"But you, father," added Madeline, tearing herself from the neck of her weeping sister, and sinking on her knees before Lester, who leaned against the wall convulsed with his emotions, and covering his face with his hands—"but you,—what can I say to you?—You, who have never,—no, not in my first childhood, said one harsh word to me—who have sunk all a father's authority in a father's love,—how can I say all that I feel for you?—the grateful overflowing, (paining, yet—oh, how sweet!) remembrances which crowd around and suffocate me now?—The time will come when Ellinor and Ellinor's children must be all in all to you—when of your poor Madeline nothing will be left but a memory; but they, they will watch on you and tend you, and protect your grey hairs from sorrow, as I might once have hoped I also was fated to do."

"My child! my child! you break my heart!" faltered forth at last the poor old man, who till now had in vain endeavoured to speak.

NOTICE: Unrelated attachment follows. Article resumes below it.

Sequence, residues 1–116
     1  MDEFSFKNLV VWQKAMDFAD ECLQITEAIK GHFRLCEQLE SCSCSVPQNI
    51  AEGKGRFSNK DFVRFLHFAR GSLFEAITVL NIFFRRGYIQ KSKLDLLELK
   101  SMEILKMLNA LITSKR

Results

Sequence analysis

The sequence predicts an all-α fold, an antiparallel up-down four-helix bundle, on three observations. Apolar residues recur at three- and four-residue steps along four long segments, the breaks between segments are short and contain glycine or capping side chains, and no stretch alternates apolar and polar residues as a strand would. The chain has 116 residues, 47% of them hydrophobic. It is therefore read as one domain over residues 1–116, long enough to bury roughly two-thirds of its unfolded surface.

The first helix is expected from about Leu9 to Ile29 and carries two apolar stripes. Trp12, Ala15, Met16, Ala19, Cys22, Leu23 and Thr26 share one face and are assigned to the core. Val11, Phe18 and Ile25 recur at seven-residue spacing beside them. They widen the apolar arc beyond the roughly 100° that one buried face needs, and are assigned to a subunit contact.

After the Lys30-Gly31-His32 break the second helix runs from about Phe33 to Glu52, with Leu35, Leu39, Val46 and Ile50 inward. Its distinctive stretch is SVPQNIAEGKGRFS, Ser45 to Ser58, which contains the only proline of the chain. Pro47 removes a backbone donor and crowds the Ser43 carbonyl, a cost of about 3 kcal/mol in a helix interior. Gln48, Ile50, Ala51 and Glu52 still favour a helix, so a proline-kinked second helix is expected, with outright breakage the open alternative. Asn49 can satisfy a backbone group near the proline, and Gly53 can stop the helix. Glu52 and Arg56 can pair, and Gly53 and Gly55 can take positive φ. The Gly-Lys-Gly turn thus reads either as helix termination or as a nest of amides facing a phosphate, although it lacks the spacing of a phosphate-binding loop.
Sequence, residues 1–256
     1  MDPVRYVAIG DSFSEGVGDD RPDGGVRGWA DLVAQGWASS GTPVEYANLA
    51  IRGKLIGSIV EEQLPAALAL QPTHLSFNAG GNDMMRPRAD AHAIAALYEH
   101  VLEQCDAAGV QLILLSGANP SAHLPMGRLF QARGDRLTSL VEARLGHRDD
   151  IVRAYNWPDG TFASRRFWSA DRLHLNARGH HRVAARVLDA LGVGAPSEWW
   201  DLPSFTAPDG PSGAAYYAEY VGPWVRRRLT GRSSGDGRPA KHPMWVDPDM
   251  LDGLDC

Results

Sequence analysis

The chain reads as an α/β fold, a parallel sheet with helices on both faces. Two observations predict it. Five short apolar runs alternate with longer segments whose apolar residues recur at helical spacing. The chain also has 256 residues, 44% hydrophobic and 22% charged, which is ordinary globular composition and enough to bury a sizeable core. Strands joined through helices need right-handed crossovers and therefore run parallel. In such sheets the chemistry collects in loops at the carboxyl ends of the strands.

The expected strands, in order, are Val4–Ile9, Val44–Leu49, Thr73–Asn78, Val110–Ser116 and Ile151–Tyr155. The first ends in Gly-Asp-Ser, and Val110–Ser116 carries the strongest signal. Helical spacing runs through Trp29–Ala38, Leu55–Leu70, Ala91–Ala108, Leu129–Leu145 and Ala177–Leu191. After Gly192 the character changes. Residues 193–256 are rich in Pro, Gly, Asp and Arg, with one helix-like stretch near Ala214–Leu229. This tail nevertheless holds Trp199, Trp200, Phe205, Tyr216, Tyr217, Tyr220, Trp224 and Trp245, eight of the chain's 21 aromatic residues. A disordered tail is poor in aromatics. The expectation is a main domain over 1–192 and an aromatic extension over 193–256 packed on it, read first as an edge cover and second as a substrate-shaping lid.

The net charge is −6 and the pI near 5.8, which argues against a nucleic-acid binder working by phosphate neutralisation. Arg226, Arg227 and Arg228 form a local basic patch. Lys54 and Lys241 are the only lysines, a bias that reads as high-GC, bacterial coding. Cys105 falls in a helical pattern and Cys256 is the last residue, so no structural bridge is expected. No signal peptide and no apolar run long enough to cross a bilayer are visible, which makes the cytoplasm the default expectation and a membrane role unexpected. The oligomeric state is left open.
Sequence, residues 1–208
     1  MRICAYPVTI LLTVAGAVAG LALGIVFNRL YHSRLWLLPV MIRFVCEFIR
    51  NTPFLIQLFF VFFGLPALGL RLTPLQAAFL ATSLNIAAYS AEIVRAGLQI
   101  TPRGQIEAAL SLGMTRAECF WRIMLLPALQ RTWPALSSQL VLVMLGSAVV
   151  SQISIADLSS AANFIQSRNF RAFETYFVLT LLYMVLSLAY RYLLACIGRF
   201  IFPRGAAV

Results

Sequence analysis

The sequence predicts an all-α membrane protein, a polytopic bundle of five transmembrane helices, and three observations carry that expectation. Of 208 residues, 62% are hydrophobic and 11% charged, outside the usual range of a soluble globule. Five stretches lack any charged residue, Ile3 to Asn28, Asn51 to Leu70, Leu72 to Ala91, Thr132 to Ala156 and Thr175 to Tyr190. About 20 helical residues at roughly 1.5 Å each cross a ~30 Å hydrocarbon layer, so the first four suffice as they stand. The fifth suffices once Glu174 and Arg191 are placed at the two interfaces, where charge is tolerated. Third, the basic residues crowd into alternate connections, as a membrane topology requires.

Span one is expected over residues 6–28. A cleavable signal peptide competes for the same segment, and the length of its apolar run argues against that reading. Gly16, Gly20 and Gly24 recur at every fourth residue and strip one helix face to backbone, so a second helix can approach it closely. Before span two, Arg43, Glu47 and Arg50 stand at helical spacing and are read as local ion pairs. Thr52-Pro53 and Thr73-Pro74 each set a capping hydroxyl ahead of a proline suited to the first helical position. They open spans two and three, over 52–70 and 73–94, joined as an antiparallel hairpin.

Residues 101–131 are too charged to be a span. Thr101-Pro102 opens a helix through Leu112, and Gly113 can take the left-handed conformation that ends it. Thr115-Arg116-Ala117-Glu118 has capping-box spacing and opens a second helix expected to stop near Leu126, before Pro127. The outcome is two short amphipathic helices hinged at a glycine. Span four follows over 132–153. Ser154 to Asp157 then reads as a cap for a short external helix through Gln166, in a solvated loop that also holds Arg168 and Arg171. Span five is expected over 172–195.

"Give me your blessing, dear father," said Madeline, herself overcome by her feelings;—"Put your hand on my head and bless me—and say, that if I have ever unconsciously given you a moment's pain—I am forgiven!"

"Forgiven!" repeated Lester, raising his daughter with weak and trembling arms as his tears fell fast upon her cheek,—"Never did I feel what an angel had sate beside my hearth till now!—But be comforted—be cheered. What, if Heaven had reserved its crowning mercy till this day, and Eugene be amongst us, free, acquitted, triumphant before the night!"

"Ha!" said Madeline, as if suddenly roused by the thought into new life:—"Ha! let us hasten to find your words true. Yes! yes!—if it should be so—if it should. And," added she, in a hollow voice, (the enthusiasm checked,) "if it were not for my dreams, I might believe it would be so:—But—come—I am ready now!"